Investigation and Control of Ultrafast Magnetic Phenomena
- Author(s): Pattabi, Akshay Bhimesh;
- Advisor(s): Bokor, Jeffrey;
- et al.
Spintronic devices have shown a lot of promise in low power and non-volatile memory applications. However, conventional spintronic devices are limited by the speed of equilibrium magnetization reversal. For more than two decades, the field of ultrafast magnetism, wherein magnetic processes in (sub)picosecond timescales are triggered by the ultrafast non-equilibrium heating of magnetic thin films with femtosecond laser pulses, has provided us with the tantalizing prospect of controlling magnetism in unprecedentedly fast timescales. This dissertation will detail the research conducted over the last 6 years in understanding ultrafast magnetic phenomena, and in controlling and integrating them with conventional spintronic processes to realize fast, non-volatile spintronic devices.
The first part of the dissertation will focus on work done to understand the fundamental limitations of some spintronic and ultrafast magnetic phenomena. This will include experiments on detecting the current induced spin accumulation due to the spin-orbit effects in heavy metals directly on the heavy metal surface using an optical technique called the magnetization-induced second harmonic generation (MSHG). Insight into the dynamics and timescales of current induced spin accumulation in conventional spin-orbit torque (SOT) devices gained from these experiments will help understand the speed limitations of such devices. The dissertation then focuses on the ultrafast helicity-independent all-optical switching (HI-AOS) in ferrimagnetic GdFeCo and GdTbCo alloys. These experiments shed a light on the underlying mechanism of such a process, and unravel the complex interplay of exchange coupling, elemental damping and other parameters in ultrafast magnetization switching events. The upper limit for the pulse duration of optical excitation that triggers HI-AOS, which has important implications when it comes to integrating these processes on-chip, is also studied.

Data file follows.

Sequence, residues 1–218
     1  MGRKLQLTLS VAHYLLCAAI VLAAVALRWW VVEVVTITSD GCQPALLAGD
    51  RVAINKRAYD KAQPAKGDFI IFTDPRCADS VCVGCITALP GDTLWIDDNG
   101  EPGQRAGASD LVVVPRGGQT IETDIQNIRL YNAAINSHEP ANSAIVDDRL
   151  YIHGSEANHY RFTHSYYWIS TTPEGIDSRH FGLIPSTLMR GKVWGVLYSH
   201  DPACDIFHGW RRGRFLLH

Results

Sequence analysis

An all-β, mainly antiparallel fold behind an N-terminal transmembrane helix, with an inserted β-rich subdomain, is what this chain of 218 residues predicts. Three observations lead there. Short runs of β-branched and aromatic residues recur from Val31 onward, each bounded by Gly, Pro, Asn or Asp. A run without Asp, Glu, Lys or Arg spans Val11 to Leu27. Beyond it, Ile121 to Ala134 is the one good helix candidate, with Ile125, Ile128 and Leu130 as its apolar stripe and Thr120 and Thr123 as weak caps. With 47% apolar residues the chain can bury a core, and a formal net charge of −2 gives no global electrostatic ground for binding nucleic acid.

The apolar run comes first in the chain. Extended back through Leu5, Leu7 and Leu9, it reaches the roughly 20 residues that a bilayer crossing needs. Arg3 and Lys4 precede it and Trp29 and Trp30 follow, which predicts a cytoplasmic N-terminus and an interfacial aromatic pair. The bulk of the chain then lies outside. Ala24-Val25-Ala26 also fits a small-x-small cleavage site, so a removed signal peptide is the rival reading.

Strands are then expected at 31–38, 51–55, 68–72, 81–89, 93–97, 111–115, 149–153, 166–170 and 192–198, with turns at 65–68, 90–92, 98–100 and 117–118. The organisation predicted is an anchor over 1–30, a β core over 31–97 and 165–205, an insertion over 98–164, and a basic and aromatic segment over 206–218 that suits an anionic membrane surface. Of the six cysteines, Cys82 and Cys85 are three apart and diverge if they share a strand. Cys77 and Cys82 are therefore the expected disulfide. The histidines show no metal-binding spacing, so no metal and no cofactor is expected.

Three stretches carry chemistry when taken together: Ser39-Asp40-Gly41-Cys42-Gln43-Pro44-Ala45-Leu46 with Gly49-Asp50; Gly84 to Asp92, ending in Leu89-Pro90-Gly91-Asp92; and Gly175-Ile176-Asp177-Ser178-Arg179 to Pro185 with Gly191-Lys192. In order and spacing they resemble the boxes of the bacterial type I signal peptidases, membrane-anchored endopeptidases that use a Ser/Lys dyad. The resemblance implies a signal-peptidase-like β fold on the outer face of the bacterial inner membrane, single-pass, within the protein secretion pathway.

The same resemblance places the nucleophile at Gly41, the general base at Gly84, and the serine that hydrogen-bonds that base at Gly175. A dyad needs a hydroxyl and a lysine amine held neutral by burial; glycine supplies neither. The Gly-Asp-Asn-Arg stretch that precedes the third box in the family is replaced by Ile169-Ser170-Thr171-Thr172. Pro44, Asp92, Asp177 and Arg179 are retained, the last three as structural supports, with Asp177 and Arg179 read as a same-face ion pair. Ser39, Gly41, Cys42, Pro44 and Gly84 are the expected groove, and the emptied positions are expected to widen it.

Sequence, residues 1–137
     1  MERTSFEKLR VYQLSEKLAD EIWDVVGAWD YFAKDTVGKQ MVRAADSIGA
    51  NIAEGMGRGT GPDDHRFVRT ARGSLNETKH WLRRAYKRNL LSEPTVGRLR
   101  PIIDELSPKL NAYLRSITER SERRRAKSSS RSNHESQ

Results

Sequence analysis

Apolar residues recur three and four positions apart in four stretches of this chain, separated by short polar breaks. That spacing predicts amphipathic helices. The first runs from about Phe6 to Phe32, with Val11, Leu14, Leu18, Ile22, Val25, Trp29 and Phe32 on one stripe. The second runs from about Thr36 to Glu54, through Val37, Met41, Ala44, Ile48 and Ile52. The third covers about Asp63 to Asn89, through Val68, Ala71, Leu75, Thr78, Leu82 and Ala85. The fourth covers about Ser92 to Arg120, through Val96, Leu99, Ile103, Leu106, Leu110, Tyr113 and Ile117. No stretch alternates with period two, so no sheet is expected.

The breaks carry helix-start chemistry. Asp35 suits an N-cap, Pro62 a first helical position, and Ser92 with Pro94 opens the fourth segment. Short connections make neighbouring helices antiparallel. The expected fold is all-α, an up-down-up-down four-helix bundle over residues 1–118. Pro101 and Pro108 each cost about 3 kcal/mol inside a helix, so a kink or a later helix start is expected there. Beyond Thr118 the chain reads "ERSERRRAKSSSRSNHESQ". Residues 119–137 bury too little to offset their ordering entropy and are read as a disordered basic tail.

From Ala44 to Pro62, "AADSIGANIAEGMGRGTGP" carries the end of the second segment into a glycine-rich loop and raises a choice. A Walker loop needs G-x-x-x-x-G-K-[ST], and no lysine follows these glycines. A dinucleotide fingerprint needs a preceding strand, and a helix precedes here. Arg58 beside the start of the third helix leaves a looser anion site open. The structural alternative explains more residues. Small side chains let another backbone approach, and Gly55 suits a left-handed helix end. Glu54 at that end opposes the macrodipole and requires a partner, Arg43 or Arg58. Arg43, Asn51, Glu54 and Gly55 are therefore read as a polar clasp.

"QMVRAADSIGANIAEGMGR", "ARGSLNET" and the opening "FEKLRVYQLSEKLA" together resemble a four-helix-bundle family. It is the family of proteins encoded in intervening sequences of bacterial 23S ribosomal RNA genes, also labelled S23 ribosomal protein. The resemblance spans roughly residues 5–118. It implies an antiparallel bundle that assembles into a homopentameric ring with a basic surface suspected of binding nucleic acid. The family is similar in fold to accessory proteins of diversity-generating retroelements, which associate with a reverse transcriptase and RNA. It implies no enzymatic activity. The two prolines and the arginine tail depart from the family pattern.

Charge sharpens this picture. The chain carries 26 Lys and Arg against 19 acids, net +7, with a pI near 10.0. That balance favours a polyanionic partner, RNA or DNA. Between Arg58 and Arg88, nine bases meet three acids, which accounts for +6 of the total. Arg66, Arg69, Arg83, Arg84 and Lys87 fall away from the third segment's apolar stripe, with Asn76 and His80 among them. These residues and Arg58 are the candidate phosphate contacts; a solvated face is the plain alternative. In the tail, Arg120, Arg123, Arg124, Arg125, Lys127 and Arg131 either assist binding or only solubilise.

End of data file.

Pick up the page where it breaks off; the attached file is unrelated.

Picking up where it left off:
The second part of the dissertation will introduce ways to build up on the experimental results of the first part, thereby moving towards the integration of ultrafast magnetic phenomena into conventional spintronic devices. Experiments performed to extend the ultrafast HI-AOS capabilities of GdFeCo to Co/Pt multilayers by controlling the exchange interaction between these two films are presented. This is of technological significance because HI-AOS had thus far only been reported in Gd-based ferrimagnetic films, which are not very attractive for device integration due to their ferrimagnetic nature. Co/Pt multilayers, on the other, are ferromagnetic and are well suited for application in spintronic devices. Then, the ultrafast control of magnetism by picosecond heat current and electrical current pulses will be introduced. Finally, the dissertation will present recent results on demonstrating the deterministic spin-orbit torque switching of a Co/Pt ferromagnet by short, 6 ps electrical pulses.